SB: Well, the first experience that I described was broadening in every way. I certainly learned by working with the other people, both lay people and professionals in the arts, and that’s what I like about collaborative work. After that, I worked primarily with other professional artists. We would talk about whatever the issue was that we were dealing with, and I would hear people I respected propose things that I would never have thought of alone; it was so creatively informative. Even the practicalities of raising money and finding a venue and dealing with whatever political ideas you are expressing; just the practicality of how to make it work in the world is rewarding for a member of a group.

SS: I noticed in many of your works references to comic books or graphic novels, or at least the idea of the villain and the superhero. In She Takes Refuge in Dreams you directly use comics in the work, but there is also something more general about how your images get fragmented into panels, or a certain flatness, or lack of illusion, that reminds me of comic books. How do you see your work connecting to comic books or the graphic novel?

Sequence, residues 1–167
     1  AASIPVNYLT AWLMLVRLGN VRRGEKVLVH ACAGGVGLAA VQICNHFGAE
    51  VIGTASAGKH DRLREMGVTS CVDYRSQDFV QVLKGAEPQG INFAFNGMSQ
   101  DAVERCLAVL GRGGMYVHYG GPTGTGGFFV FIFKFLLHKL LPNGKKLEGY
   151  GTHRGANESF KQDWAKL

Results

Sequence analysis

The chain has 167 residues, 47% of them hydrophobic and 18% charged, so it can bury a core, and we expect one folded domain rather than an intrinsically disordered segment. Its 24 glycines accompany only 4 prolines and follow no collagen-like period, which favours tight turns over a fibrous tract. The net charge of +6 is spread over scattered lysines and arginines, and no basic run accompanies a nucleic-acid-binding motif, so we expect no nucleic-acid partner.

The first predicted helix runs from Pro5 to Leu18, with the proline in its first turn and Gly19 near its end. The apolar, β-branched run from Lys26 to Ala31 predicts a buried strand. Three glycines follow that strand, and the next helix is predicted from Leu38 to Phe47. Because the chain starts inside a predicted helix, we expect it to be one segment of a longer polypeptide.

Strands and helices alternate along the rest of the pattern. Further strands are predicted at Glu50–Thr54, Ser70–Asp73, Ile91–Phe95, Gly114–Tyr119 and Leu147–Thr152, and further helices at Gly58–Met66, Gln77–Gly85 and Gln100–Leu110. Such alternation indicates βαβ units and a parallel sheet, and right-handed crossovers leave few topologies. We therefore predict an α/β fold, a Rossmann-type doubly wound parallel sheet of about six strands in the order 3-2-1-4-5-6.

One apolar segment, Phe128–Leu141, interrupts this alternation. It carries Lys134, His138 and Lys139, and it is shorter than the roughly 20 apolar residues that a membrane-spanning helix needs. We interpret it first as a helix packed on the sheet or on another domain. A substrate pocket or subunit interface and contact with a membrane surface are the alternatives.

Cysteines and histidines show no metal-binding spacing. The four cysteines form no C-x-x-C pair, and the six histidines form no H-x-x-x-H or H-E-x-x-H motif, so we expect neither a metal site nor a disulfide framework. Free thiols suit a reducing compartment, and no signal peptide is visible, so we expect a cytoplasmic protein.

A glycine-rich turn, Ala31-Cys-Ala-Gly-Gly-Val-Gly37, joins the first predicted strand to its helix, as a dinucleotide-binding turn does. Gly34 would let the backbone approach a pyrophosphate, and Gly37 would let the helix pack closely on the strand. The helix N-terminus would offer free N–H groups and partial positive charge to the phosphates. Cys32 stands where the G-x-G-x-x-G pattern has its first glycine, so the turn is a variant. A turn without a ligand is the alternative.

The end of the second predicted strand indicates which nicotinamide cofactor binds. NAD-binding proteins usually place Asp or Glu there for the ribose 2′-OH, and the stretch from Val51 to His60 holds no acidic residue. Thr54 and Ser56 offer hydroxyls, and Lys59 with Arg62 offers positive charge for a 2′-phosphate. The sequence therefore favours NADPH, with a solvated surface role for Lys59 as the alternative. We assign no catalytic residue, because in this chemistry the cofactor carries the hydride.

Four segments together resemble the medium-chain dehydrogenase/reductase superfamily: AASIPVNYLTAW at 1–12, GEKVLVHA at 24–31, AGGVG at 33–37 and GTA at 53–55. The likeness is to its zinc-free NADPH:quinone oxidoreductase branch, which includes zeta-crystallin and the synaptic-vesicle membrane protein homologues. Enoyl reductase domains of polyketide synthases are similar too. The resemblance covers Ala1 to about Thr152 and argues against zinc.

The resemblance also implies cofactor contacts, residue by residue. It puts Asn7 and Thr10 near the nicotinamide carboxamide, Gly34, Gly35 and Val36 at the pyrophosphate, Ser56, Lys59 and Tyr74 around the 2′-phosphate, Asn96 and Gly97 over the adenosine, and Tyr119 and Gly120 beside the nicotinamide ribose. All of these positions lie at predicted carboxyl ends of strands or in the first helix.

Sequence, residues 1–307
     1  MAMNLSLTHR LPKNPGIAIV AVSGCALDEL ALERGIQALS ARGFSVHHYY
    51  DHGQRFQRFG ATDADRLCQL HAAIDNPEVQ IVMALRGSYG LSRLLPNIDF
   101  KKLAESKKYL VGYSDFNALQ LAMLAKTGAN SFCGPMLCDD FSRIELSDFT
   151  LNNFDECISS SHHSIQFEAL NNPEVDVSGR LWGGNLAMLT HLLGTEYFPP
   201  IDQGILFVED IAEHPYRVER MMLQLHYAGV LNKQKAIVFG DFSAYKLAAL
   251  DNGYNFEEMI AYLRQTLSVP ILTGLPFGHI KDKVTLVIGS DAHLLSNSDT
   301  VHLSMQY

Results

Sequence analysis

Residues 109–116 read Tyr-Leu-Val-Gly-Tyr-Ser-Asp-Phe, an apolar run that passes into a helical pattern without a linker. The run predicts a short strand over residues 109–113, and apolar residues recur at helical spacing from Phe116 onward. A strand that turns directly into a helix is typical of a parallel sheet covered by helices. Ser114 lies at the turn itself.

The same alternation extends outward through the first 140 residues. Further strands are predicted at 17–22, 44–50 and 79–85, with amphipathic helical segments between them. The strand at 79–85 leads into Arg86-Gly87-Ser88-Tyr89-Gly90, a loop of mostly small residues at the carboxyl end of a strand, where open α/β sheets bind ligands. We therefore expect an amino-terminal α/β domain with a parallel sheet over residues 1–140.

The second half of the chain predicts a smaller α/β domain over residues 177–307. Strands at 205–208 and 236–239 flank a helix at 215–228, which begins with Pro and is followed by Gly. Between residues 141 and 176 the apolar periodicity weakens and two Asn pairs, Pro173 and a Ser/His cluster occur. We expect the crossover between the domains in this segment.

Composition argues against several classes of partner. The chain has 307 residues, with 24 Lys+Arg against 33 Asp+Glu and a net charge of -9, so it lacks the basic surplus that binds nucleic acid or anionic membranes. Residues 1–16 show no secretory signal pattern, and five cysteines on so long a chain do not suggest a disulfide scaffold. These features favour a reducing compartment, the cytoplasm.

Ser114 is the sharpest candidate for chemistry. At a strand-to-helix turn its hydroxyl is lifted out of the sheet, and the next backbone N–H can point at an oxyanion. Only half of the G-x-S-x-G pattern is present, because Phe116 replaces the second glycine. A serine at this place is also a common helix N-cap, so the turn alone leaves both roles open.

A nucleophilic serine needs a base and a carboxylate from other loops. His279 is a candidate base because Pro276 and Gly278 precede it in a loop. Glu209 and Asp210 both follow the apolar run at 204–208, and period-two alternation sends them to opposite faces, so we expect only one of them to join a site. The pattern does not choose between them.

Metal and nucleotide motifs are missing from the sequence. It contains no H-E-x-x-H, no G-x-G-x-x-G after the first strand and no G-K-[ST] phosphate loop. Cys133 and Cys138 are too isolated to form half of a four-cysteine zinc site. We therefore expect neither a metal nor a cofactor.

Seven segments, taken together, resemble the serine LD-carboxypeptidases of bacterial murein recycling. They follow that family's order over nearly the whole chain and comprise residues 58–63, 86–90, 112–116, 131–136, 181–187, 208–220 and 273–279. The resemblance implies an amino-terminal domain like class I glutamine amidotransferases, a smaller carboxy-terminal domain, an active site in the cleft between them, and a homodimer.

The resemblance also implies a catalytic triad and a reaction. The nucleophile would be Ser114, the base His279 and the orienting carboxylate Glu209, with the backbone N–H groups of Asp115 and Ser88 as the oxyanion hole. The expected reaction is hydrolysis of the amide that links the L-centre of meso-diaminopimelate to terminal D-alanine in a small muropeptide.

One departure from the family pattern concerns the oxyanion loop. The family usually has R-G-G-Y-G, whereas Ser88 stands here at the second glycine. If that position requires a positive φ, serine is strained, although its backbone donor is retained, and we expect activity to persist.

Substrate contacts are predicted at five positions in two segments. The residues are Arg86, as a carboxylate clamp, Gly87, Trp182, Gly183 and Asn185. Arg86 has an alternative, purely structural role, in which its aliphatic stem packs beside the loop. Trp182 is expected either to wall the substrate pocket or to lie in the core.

SB: Well, it’s Leonardo meets Superman, you know. As an unsophisticated young artist, I loved comic-book drawing. I loved the style of the drawing of the arm, when Superman goes *kapow*! I still like those images, where you see Superman’s arm, so beautifully foreshortened, like Michelangelo. You know, that’s really where they get that form of drawing, from the Renaissance. For me, it‘s linked to my pleasure and interest in drawing from the live model.

So for She Takes Refuge in Dreams I used my dream texts as the basis for altered comic books. For these comic books I did small sequential drawings of what was happening in the dream texts, and I inserted drawings and words into existing comic books. That was fun, because sometimes the two narratives come together in a readable way. You can read the comic book, or you can read the dream and sort of take your choice. But through the whole thing you can follow both the dream story and the comic-book story as an unbroken language and picture narrative, if you prefer. I exhibited the comic books on a table where people could actually put on white gloves and read them, and many people did.

SS: What do you see as the function, or purpose, of your artwork? Is there a message you’re trying to get across to the viewer? If so, what is it?